Could Modern Medicine Have Saved Abraham Lincoln?

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Date: April 14, 2009
Contact: Mindi Rambo, 212-668-2208

Could Modern Medicine Have Saved Abraham Lincoln?

New York, NY – For generations, scholars have debated numerous questions surrounding the shooting of Abraham Lincoln by John Wilkes Booth, including:

  • Could Lincoln have survived his gunshot wounds with modern medical care?
  • Did Lincoln’s doctors do more to harm or help him?
  • Why were there no guards at Ford’s Theatre?
  • Was Booth really behind the plot to kill Abraham Lincoln?
  • Did Booth actually escape after Lincoln’s assassination?

Dr. Blaine V. Houmes, M.D., an emergency physician and former medical examiner, will attempt to answer those questions when he gives a free lecture on “The Lincoln Assassination: Myths and Mysteries” Thursday, April 16 at 6:30 p.m. at Federal Hall National Memorial, 26 Wall Street.

Dr. Houmes’ published work has investigated the life of President Lincoln, his health and the medical aspects of his assassination.

The lecture is being held in conjunction with the special exhibition “Abraham Lincoln in New York: A Rail Splitter Bicentennial Celebration.” Visitors may come early to experience the exhibit, which features never-before-exhibited artifacts, documents and historical memorabilia telling the Lincoln story.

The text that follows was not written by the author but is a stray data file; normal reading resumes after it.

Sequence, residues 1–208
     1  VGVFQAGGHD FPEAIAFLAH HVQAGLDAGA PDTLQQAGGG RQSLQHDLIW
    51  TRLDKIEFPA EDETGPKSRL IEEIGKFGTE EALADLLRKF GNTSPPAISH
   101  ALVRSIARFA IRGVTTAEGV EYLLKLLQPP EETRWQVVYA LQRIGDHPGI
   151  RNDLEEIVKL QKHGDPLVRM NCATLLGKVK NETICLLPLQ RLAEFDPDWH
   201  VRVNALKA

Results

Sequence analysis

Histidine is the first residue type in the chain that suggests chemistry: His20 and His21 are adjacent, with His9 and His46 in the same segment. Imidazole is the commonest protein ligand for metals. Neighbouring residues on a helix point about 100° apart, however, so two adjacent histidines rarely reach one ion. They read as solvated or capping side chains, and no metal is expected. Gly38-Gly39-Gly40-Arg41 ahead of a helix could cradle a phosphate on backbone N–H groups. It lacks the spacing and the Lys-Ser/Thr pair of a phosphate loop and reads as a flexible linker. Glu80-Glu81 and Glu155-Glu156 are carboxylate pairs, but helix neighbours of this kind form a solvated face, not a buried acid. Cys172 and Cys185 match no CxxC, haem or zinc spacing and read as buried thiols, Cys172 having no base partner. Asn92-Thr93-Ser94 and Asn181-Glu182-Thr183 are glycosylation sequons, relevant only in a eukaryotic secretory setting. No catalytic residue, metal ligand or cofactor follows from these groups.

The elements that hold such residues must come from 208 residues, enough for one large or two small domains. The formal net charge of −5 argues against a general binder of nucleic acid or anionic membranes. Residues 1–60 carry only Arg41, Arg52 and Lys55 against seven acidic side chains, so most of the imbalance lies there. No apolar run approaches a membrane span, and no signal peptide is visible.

For more information on this and other programs associated with the exhibit, which is open to the public through June 30, visit


WHAT: “The Lincoln Assassination: Myths and Mysteries” -- A lecture by Dr. Blaine V. Houmes, M.D. WHEN: Thursday, April 16 at 6:30 p.m.

WHERE: Federal Hall National Memorial, 26 Wall Street

COST: Free


About Federal Hall National Monument: 26 Wall Street was the site of New York City's 18th-century City Hall. After the Revolution, the Continental Congress met at City Hall. Pierre L'Enfant was commissioned to remodel City Hall for the new federal government. The First Congress met in the new Federal Hall, and wrote the Bill of Rights, and George Washington was inaugurated here as President on April 30, 1789. When the capital moved to Philadelphia in 1790, the building again housed city government until 1812, at which time Federal Hall was demolished. The current structure on the site was built as the Customs House it later became the U. S. Sub-Treasury until that system was replaced by the Federal Reserve.

How to Get There: Federal Hall is located at 26 Wall Street in Lower Manhattan. There are numerous ways to get there using public transportation. Please visit for more information and transportation maps.

Last updated: February 26, 2015

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